Gastric Sleeve vs Gastric Bypass

Deciding between surgeries like a gastric sleeve vs gastric bypass requires some detailed knowledge and a good understanding of the lifelong commitments required by the patient as well as the surgical techniques that are involved.

Gastric Sleeve surgery is often used as a first stage surgery prior to a full Gastric Bypass. The Gastric Sleeve is used on patients that are considered too high risk or are just too ill to undergo the stress of a bypass.

The Gastric Sleeve surgery removes a large section of the actual stomach itself. The part of the stomach that is surgically removed is the upper stomach, which is responsible for producing the hunger hormone, Ghrelin. This surgery helps the patient lose weight twofold, the new size of the stomach is restrictive and you will feel full very fast. Two, you will have less hunger issues as your body is not producing the hormone which tells your body that it is hungry. Combining these two powerful processes has increasingly made the Gastric Sleeve an increasingly popular stand alone surgery.

The Gastric Bypass procedure, the most common being the Roux-en-Y bypass . In a full bypass your stomach is also reduced in size by surgically making a small pocket in the upper part of the stomach with surgical staples or by installing a restrictive device which is essentially a plastic band. The reduced stomach is then surgically routed to the middle portion of your small intestine. This causes your food to pass through the intestinal tract too quickly to absorb all the calories and nutrients, causing weight loss. This rerouting of the digestive process is a much more invasive and arduous surgery than a Gastric Sleeve and has a higher rate of complications such as nutritional deficiencies and possibilities of developing ulcers.

The Gastric Sleeve vs. Gastric Bypass Comparison

Deciding between the procedures requires that you fully understand the fundamental differences in the surgical process used for each.

With the bypass, your surgeon will create an new outlet for your stomach (think it of it as putting in a new exit door) After creating the new outlet in your stomach, the surgeon will remove the unused portion of the small intestine and route the remaining small intestine to the new opening he created(stoma).

With the Gastric Sleeve your stomach will still be surgically reduced in size but your digestive track is not rerouted, or bypassed at all. This has the distinct advantage of not causing malabsorptive problems. Nutritional deficiencies are not an issue as all the stomach remains intact, you just feel full when eating, and are only able to eat reduced portions. Your entire digestive system remains the same and you just use it at a reduced rate.

Gastric Banding vs. Gastric Sleeve

A Gastric Sleeve can be substituted by a Lap Band (adjustable band) instead of a surgery to remove a portion of the stomach. The band will restrict the quantity of food you can eat at one sitting by basically choking the entrance to the stomach itself. This is the only easily reversible gastric procedure and has the advantage of having the least complications. Gastric Banding does however, require frequent visits to your doctor for maintenance. The band is regularly tightened or loosened by injections into the band via a connection in your lower abdomen. The Gastric Band is often used in conjunction with a bypass surgery.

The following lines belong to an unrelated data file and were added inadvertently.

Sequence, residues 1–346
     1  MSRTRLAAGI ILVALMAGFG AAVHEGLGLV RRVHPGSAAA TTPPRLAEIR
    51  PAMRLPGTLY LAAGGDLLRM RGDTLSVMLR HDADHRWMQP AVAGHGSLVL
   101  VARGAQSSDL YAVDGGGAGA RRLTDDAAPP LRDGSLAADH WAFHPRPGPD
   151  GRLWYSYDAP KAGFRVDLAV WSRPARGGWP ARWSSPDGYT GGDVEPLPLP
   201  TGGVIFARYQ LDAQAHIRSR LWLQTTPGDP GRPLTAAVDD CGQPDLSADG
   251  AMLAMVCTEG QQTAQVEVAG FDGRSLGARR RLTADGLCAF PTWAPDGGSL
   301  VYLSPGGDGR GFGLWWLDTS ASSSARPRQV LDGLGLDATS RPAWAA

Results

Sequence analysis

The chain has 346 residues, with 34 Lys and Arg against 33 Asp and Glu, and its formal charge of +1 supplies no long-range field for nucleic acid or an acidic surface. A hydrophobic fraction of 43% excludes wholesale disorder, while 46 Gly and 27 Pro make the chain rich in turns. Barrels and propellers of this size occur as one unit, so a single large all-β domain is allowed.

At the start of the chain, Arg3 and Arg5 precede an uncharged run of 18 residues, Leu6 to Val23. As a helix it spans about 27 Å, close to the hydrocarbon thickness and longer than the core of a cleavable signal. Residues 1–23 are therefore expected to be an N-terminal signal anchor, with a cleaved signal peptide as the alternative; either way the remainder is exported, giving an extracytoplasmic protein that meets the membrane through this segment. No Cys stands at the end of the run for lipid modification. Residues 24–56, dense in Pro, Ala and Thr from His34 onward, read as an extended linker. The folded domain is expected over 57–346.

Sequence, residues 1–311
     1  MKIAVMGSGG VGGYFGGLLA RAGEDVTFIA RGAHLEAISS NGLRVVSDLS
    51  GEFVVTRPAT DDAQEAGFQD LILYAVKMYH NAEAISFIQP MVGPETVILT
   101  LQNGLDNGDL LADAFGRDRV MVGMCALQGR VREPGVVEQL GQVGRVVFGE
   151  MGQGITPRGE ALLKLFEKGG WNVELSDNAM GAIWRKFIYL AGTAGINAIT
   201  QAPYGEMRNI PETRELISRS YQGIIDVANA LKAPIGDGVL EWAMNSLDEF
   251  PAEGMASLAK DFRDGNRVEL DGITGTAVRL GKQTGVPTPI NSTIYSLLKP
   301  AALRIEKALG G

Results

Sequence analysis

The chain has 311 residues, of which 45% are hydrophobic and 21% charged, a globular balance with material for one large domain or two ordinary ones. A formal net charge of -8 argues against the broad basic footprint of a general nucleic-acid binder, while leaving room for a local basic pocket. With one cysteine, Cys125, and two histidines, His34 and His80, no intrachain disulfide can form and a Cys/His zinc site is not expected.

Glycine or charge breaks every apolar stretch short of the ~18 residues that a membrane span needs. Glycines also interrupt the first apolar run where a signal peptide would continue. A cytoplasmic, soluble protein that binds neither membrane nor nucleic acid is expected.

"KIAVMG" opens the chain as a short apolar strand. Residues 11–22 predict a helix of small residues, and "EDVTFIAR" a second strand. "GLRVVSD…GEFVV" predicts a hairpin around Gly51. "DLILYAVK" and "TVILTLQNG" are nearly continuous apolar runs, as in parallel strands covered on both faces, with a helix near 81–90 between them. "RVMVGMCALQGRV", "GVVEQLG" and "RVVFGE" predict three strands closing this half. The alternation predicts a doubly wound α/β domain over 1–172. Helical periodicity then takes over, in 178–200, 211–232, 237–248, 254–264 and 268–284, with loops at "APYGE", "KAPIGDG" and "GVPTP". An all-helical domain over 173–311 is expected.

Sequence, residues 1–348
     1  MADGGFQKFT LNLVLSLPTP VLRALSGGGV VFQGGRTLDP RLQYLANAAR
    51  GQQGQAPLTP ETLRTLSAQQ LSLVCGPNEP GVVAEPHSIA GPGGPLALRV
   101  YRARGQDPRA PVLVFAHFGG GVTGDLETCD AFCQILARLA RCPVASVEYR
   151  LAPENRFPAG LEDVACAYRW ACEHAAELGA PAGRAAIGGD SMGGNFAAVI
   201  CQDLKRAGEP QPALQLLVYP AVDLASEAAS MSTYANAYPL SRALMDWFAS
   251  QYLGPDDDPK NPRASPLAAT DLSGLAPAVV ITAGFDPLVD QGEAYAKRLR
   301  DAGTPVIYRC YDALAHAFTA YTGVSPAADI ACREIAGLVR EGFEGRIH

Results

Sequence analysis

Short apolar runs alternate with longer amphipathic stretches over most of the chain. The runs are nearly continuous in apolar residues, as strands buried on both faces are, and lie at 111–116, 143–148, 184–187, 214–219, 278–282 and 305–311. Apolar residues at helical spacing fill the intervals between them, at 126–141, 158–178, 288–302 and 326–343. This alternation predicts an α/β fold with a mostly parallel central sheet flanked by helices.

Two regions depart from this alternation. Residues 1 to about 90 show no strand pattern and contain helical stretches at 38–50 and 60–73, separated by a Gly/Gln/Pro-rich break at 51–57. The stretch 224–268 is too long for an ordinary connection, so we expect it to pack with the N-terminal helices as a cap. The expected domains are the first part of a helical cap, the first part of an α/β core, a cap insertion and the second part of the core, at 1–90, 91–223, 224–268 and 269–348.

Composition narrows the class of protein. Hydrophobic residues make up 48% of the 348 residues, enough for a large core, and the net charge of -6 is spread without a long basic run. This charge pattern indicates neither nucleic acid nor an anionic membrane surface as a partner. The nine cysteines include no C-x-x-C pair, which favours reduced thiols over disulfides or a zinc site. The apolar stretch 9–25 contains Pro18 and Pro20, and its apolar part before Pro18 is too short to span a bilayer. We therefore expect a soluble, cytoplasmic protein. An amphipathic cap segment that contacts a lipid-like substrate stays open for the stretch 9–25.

Which weight loss surgery is right for me?

The ultimate decision on which is better for you, a Gastric Bypass vs Gastric Sleeve surgery should be made between you and your health practitioner. I think you can make your preference clear by being comfortable with an informed understanding of the process involved. A basic medical understanding of weight loss surgery will go a long way in having a quality consultation with your surgeon about your decision.

Weight Loss Surgery Comparison Chart

Gastric Bypass Surgery Gastric Sleeve Surgery
Produces the greatest weight loss but has the most potential complications and risks Produces less weight loss than a full bypass but has less complications
Nutritional deficiencies a real issue as the digestive track is heavily rerouted In surgery The digestive track is unaltered and Nutritional deficiencies are normally avoided
Mortality rate is 1 in 350 patients apx. Mortality rate is 1 in 1000 apx.
More expensive, normally almost double. Less expensive if you are out of pocket patient (self pay)
Lifestyle changes are more severe More regular lifestyle after procedure
Bypass can be postponed in stages, you could try less invasive surgeries first Gastric Sleeve can be a first stage surgery and if you still need it you can get the Bypass at a later date.



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